Before I end this blog post, I wanted to mention why Zynga is choosing to open-source this technology, rather than keep it to ourselves.

One of the great things about working at a company like Zynga is that we’re not just trying to build the best games — we’re trying to build an ecosystem of developers and a network of players. We want to be the best place to play games, and we know we can’t do that alone. We hope that by releasing this exciting new technology to the world we can help you build better games, which will be better for everyone.

Please, check it out! I’ll be blogging more about technical aspects of how we did it, how you can start using it, and get a demo online so you can try it for yourself.

 

 

7 Responses to “Zynga Ports Cocos2D-X to Emscripten”

  1. Terrence Andrew Davis Says:

    I made a 64-bit compiler from scratch.

  2. Jonathan Hart Says:

    I wonder how many Zynga players run browsers with proper WebGL support, though..

    Why not use FlasCC to target cococ2d-x to the Flash Player in the mean time?

  3. James Gregory Says:

    Hey Jonathan,

    First up, I think we’re seeing a shift across the industry in browser usage. Chrome and Firefox both have great WebGL support these days, and impressively, this is even true on mobile. I would be unsurprised if it turned out that after accounting for mobile devices you get better penetration with WebGL than with Flash (though I haven’t run the numbers).

    Regarding FlasCC, I admit I haven’t tried it, though it does look promising. I went with Emscripten because I expected such a crazy project to have serious challenges so I wanted to be working on a stack where I had all of the source-code so that I could troubleshoot it. This actually proved to be a really valuable property of Emscripten.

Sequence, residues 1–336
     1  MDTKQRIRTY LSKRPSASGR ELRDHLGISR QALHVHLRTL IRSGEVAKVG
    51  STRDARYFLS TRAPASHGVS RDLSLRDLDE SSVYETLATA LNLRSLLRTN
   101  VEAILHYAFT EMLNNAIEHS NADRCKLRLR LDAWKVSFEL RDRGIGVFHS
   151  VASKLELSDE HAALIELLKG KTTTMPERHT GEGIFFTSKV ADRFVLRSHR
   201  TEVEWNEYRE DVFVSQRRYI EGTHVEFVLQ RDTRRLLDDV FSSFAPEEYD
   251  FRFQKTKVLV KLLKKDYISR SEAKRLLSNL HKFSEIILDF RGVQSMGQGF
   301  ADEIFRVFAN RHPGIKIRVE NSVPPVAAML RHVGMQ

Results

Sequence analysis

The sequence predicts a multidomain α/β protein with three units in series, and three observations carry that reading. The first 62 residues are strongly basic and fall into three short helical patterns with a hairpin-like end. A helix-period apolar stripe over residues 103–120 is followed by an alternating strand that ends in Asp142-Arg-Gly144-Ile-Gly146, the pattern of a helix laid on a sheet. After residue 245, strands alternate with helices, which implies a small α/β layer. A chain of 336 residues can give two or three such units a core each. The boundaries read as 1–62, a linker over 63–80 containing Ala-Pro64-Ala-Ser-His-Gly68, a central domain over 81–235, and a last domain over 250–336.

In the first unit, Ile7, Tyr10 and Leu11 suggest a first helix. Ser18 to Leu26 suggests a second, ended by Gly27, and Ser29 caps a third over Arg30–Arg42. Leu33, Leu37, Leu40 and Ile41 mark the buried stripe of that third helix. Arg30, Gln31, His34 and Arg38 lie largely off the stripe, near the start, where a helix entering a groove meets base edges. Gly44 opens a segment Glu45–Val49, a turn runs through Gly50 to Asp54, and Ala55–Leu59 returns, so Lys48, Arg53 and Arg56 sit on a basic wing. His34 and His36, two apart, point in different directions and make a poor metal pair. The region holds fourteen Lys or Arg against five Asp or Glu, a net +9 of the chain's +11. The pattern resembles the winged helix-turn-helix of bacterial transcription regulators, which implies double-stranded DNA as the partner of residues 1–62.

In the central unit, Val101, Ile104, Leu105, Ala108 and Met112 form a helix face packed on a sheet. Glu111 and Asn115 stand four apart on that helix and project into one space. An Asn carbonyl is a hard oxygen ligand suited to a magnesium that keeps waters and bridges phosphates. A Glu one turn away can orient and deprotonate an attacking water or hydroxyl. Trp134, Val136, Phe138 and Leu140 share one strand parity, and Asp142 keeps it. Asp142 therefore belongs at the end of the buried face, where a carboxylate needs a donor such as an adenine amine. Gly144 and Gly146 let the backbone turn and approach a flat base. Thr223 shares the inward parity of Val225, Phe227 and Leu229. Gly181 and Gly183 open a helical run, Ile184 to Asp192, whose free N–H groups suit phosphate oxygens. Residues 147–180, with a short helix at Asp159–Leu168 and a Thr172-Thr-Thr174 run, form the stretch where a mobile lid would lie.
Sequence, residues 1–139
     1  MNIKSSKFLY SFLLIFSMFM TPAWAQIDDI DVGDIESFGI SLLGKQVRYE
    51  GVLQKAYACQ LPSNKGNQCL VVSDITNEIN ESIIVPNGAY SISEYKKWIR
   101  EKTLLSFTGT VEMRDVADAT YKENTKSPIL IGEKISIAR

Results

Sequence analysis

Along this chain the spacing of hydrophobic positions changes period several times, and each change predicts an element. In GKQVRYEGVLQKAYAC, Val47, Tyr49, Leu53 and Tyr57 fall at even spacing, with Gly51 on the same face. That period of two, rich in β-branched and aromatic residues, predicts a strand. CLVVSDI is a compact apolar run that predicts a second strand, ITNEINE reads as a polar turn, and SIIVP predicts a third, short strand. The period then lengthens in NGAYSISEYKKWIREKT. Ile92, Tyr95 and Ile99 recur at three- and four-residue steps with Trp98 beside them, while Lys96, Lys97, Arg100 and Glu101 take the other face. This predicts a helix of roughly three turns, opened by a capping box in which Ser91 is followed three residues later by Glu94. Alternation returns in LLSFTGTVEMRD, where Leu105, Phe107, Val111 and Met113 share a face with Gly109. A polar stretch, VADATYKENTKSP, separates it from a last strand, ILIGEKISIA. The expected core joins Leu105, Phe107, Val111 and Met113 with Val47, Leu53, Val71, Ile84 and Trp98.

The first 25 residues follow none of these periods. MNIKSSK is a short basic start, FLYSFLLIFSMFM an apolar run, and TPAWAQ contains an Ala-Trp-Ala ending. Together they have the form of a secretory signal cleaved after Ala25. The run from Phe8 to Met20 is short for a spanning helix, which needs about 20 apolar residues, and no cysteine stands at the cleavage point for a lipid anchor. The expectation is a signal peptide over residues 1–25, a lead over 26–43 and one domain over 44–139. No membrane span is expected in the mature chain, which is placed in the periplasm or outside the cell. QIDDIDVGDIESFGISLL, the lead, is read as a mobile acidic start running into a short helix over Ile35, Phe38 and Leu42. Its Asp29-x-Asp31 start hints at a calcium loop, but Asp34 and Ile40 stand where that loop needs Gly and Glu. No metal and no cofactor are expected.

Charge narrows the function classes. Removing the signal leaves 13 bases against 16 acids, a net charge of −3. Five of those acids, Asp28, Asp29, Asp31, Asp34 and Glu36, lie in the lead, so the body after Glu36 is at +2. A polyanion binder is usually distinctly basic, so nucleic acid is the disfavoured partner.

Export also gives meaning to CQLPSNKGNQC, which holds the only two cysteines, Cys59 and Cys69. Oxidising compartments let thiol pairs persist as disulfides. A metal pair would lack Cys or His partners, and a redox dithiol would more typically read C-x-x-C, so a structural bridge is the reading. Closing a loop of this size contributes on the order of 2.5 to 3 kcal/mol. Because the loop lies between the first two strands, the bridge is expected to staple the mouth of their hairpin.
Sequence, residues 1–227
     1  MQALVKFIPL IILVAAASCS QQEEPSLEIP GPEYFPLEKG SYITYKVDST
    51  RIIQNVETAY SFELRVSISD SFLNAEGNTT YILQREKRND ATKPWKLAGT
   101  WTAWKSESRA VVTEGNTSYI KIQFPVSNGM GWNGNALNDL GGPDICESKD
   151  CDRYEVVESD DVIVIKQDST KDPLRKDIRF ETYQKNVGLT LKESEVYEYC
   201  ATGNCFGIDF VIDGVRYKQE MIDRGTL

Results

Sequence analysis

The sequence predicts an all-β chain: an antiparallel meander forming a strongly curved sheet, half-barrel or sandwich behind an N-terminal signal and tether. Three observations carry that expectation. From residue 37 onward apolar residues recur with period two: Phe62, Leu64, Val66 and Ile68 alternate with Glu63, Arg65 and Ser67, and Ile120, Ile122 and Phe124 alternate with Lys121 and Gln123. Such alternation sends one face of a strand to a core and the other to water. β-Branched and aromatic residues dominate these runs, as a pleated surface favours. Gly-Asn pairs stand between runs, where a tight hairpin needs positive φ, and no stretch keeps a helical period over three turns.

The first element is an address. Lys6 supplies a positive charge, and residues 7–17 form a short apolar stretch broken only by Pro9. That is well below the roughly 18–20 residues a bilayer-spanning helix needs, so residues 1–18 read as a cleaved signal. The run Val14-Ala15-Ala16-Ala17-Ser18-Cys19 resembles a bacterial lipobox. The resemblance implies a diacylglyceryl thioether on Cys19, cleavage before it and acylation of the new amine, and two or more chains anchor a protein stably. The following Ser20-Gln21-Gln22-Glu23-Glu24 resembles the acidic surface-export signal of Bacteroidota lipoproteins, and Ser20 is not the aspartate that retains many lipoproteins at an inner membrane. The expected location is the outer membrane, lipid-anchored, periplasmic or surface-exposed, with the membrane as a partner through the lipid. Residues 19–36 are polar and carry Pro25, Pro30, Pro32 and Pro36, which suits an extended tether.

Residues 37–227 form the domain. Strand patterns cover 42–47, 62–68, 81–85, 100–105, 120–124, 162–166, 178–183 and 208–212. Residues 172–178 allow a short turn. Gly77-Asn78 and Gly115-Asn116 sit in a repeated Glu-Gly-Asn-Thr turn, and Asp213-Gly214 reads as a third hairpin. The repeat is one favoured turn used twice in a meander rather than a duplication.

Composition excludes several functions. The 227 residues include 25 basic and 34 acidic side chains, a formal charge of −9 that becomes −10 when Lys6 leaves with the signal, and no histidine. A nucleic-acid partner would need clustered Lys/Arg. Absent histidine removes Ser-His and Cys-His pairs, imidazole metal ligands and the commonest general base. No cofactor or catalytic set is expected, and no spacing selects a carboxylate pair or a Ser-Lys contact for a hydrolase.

Knowing what I know now, I suspect you might well be able to do the same thing on FlasCC, but I had to start somewhere, and Emscripten’s source-code availability made it a good starting point.

    Thanks for the question!

  4. Juwal Bose Says:

    Awesome work :) But, Doesn’t Cocos2d already have a JS bridge & HTML5 stack which can deploy to native web? I believe that is canvas based, which means a better penetration than WebGL. Thanks

  5. Leon Carl Says:

    @Jonathan:

    Of the major browsers only IE does not have WebGL support. Chrome has full support and Firefox and Safari have partial support.

    Over half our users use Chrome and would have full support.
    Another 25%+ use Firefox/Safari and would have partial suport depending their hardware and video drivers.

    Sources for Browser Compatability:
    http://caniuse.com/webgl
    https://blog.mozilla.org/bjacob/2011/03/28/do-users-actually-get-hardware-acceleration/

  6. Zhe Wang Says:

    Thanks James.
    Don’t waste time on FlachCC, unity3d has already give up that port recently. WebGL is the future.

  7. Fabien Says:

    An unrelated question… Zynga keeps posting “recent graduate” and “current student” software engineering positions on LinkedIn in Los Angeles, but there are no such positions on your website. What’s the story? :P

Leave a Reply

Connect with Facebook